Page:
Prior to 2021, amateurism in college sports prohibited college athletes from capitalizing on their names, images, and likenesses, commonly known as “NIL.” However, recent developments have led to a plethora of states enacting NIL laws permitting collegiate athletes, and in some instances high school athletes, to profit from their names, images, and likenesses. As a result, the National Collegiate Athletic Association (“NCAA”) has paused enforcement of its prohibitory rules, revolutionizing the concept of amateurism.
You may be able to assert “use analogous to trademark use” to claim priority over someone else who actually made technical use of a confusingly similar trademark or service mark before you did.
The Zeta Tau Alpha Sorority, which dates back to 1898 and is popularly known as ZTA, was refused registration of ZTA for jewelry (claiming use since at least 1915) and clothing items (claiming use since at least 1940), despite its ownership of an existing 2001 registration of this mark for association services, because of a 2020 registration of ZTA for a variety of housewares and kitchen items owned by a Chinese company (claiming use since 2019). The Trademark Trial and Appeal Board (TTAB) affirmed this refusal. Why did this happen, and how can you avoid the same result?
A trademark combining two words may evoke its own unique commercial impression—separate from the meanings of its component words--and be inherently registrable as a unitary term. But if each component word is merely descriptive or laudatory, the combination mark may retain the same meaning as its component words and may not be registrable on the Principal Register (which is for marks that are inherently distinctive) unless the mark has acquired a source identification distinctiveness (called “secondary meaning”).
A trademark is supposed to identify the source of the goods for which it is used and to distinguish them from the goods of others. Do you think the word “THE,” standing alone, has those qualities when it appears on clothing?
The Ohio State University (Ohio State) and Marc Jacobs Trademarks, L.L.C. (Marc Jacobs) both believe that THE identifies and distinguishes their respective identical clothing items.
Under a decision by the U.S. Court of Appeals for the Federal Circuit (Federal Circuit), if you enter into a contract requiring disputes to be resolved by lawsuits brought in a specified court, you may be precluded from challenging the validity of a patent or trademark in a proceeding in the Patent Trial and Appeals Board (PTAB) or the Trademark Trial and Appeals Board (TTAB) of the U.S. Patent and Trademark Office (USPTO).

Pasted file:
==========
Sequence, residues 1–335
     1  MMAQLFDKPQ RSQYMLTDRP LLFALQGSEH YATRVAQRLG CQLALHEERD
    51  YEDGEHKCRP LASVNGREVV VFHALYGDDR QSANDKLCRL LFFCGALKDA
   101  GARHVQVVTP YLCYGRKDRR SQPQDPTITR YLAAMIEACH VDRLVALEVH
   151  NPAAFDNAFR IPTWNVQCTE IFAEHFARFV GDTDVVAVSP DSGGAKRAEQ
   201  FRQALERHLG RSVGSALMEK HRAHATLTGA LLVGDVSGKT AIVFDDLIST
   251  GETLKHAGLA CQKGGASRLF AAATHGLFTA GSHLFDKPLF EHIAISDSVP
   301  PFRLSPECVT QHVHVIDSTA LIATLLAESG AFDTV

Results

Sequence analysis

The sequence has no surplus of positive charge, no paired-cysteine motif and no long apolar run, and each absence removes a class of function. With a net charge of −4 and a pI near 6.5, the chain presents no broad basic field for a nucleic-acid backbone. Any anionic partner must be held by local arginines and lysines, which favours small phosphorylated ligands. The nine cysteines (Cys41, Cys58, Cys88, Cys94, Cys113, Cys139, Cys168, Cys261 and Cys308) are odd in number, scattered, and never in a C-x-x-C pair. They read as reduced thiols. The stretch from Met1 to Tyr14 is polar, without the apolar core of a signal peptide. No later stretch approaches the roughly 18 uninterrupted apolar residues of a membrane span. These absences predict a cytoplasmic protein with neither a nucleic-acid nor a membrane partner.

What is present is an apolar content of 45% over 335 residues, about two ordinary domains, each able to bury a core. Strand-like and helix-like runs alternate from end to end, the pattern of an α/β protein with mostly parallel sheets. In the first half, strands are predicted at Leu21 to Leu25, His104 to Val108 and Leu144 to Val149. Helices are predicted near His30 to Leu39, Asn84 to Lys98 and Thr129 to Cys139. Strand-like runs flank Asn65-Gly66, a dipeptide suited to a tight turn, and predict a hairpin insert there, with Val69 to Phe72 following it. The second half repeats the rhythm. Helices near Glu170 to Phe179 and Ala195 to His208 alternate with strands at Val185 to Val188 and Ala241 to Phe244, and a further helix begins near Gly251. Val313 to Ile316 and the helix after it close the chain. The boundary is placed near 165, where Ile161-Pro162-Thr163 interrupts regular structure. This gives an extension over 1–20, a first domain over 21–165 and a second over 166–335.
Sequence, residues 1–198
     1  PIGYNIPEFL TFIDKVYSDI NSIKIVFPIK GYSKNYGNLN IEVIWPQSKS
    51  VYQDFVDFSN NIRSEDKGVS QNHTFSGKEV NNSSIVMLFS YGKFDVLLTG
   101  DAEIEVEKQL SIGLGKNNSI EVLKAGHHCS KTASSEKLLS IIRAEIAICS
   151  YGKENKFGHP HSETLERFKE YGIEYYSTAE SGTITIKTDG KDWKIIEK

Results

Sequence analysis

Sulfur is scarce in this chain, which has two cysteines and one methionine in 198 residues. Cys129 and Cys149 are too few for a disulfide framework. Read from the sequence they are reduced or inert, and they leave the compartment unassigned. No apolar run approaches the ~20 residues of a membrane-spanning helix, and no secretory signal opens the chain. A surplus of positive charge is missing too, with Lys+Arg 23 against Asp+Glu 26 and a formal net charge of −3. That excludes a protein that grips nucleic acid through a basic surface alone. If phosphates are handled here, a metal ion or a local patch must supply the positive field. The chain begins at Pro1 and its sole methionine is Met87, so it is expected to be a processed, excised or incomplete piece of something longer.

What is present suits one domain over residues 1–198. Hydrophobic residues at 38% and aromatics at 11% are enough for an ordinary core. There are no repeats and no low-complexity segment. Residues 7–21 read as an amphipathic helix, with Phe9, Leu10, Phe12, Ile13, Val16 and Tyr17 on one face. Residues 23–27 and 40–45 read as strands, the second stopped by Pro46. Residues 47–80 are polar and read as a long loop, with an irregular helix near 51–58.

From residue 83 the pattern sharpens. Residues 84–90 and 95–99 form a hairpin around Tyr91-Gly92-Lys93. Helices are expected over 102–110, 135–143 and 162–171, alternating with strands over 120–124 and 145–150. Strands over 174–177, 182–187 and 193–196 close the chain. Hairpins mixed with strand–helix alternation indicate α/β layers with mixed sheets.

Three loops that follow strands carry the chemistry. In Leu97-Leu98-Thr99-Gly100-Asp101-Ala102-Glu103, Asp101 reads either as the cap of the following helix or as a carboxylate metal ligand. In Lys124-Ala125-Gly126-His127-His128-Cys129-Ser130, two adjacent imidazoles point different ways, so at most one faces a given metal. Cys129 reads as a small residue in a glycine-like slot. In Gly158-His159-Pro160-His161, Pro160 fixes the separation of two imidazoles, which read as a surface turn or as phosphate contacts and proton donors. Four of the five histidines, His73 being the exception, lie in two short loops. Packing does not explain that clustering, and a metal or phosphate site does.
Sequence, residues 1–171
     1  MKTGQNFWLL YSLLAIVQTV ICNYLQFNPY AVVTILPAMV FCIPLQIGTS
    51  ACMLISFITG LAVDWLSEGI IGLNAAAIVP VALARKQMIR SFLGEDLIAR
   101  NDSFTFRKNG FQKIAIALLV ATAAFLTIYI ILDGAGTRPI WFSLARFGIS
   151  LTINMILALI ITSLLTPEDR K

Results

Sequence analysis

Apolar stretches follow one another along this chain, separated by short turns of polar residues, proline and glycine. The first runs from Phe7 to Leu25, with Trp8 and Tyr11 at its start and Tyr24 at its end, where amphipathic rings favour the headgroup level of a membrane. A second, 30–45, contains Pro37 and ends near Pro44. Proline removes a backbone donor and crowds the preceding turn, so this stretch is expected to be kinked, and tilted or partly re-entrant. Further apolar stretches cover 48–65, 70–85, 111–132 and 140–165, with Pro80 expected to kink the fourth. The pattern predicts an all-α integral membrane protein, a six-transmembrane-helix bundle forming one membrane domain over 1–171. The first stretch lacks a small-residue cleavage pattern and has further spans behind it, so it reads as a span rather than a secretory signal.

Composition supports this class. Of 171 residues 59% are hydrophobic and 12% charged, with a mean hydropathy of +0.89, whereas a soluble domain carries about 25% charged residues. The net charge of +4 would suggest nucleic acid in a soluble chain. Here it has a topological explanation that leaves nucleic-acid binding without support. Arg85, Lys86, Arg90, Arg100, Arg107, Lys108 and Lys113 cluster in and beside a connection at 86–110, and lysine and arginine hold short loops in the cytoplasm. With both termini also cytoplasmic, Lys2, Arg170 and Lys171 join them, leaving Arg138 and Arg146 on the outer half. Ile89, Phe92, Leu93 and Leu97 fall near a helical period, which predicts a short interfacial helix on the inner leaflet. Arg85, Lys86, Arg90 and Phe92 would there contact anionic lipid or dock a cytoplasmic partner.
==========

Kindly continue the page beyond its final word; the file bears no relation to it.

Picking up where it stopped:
If you file a U.S. application to register a service mark based on its use in commerce, take care to select an acceptable specimen of use to support that application.
Unacceptable Specimen of use of PVPW for water delivery services
Section 45 of the Trademark Act says that a service mark is used in commerce “when it is used or displayed in the sale or advertising of services.” This has been interpreted as requiring, at a minimum, that there be some direct association between the mark and the services so that purchasers would perceive the mark as identifying the services.
Two decisions by the Trademark Trial and Appeal Board (TTAB) illustrate the difficulty of predicting whether a likelihood of confusion will be found when comparing virtually identical marks for different goods or services. What would you think?
If your mark is found to describe any of the goods or services identified in your application for registration, and they are in the same class as other goods or services identified in your application, the registration may be refused for that entire class.
If you advertise a service, take preliminary steps to render the service, or both, and apply to register the service mark in the U.S. Patent and Trademark Office (USPTO) based on a claim that you have commenced use of the mark before you actually are in a position to offer the service in U.S. commerce, your application may be rejected.